However, getting it going takes a lot of initial effort and there are a few gotchas that need to be taken into account (for example the not-exactly-intuitive behavior of @ComponentScan which caused me to waste a couple of hours chasing shadows).
I have created a “skeleton Spring Boot project” that can be used as a starting point to build a fully-fledged REST-based microservice.
To get going:
git clone firstname.lastname@example.org:massenz/spring-template.git cd spring-template rm -rf .git cd .. mv spring-template my-project cd my-project git init
You can then create a new repo on github and push to that one (just follow the instruction on github.com). Remember to update in the POM the name of the artifact, the groupId, etc.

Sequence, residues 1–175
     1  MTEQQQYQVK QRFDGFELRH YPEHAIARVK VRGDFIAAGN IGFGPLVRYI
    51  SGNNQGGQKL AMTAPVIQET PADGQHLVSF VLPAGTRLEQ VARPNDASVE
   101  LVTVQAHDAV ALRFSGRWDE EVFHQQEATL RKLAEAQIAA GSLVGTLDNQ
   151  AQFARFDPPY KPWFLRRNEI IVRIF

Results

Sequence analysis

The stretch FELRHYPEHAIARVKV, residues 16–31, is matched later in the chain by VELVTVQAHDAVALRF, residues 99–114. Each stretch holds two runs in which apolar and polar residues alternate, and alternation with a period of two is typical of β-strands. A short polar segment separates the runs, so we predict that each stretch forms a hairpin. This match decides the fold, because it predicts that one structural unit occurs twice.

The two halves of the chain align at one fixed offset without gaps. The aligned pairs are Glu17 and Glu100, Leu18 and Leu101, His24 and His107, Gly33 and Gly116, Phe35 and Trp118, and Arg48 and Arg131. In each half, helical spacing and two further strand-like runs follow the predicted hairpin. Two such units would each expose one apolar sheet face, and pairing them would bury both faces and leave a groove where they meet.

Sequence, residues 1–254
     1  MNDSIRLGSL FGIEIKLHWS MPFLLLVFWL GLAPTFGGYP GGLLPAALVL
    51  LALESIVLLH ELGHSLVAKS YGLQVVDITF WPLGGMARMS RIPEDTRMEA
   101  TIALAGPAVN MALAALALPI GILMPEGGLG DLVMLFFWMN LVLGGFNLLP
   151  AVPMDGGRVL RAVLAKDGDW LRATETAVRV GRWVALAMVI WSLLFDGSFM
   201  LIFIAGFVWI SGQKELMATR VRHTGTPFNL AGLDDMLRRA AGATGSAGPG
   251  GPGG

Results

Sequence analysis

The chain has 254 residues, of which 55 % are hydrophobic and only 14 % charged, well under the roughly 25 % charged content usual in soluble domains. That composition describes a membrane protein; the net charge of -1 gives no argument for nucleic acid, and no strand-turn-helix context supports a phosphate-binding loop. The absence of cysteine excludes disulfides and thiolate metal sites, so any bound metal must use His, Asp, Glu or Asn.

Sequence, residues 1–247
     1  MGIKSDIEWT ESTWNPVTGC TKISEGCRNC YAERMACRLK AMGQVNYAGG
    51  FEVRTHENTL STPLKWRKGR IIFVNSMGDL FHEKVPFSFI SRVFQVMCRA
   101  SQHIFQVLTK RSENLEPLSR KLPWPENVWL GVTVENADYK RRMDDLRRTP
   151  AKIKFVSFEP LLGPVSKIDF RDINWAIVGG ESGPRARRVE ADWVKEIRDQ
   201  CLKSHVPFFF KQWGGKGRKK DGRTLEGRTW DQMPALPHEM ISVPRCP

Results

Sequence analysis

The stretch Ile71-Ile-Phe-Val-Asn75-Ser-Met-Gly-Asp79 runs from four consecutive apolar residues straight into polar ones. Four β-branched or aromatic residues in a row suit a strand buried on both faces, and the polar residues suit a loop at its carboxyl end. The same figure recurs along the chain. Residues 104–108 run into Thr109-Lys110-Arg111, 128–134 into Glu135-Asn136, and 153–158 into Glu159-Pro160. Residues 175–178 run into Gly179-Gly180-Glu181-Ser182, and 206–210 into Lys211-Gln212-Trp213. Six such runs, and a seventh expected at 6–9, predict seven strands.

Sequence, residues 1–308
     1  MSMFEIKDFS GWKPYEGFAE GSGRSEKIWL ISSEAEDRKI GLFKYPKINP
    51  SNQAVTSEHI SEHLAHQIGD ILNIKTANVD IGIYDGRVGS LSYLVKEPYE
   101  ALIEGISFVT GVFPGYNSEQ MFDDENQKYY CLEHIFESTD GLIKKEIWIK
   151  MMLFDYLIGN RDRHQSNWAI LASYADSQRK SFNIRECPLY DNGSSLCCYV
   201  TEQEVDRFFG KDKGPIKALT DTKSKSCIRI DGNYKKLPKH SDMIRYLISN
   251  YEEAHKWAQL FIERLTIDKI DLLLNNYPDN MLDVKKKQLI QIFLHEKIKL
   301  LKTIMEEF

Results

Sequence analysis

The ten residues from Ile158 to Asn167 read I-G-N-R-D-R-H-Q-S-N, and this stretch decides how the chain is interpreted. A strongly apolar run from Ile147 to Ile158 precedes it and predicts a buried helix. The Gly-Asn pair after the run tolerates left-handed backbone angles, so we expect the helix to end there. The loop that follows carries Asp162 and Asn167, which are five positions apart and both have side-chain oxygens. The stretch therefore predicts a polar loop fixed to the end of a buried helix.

The pom.xml also includes the necessary dependencies and configuration to enable automatic test coverage (Cobertura); Travis CI and Coveralls.io are also enabled:
# To create test coverage reports (in target/site/cobertura) mvn clean cobertura:cobertura test # To upload to coveralls.io (do NOT push the repo token to github) mvn cobertura:cobertura coveralls:report -DrepoToken=foobazebarerete # To run via maven (Tomcat will be listening on the default # port: localhost:8080) mvn spring-boot:run # To run from the command-line (useful on deployment server who # may not have the JDK/Maven installed): mvn clean package java -jar target/my-project-1.0.SNAPSHOT.jar -Dserver.port=9000
This assumes you have a Mongo server listening on localhost:27017, if that’s not the case, you will have to modify accordingly the MongoDB URI in
For an example of how to integrate with Travis and run automated test, see the configuration file:
For more information, please consult the Spring Boot extensive reference manual.
This project is released under the Apache 2 License.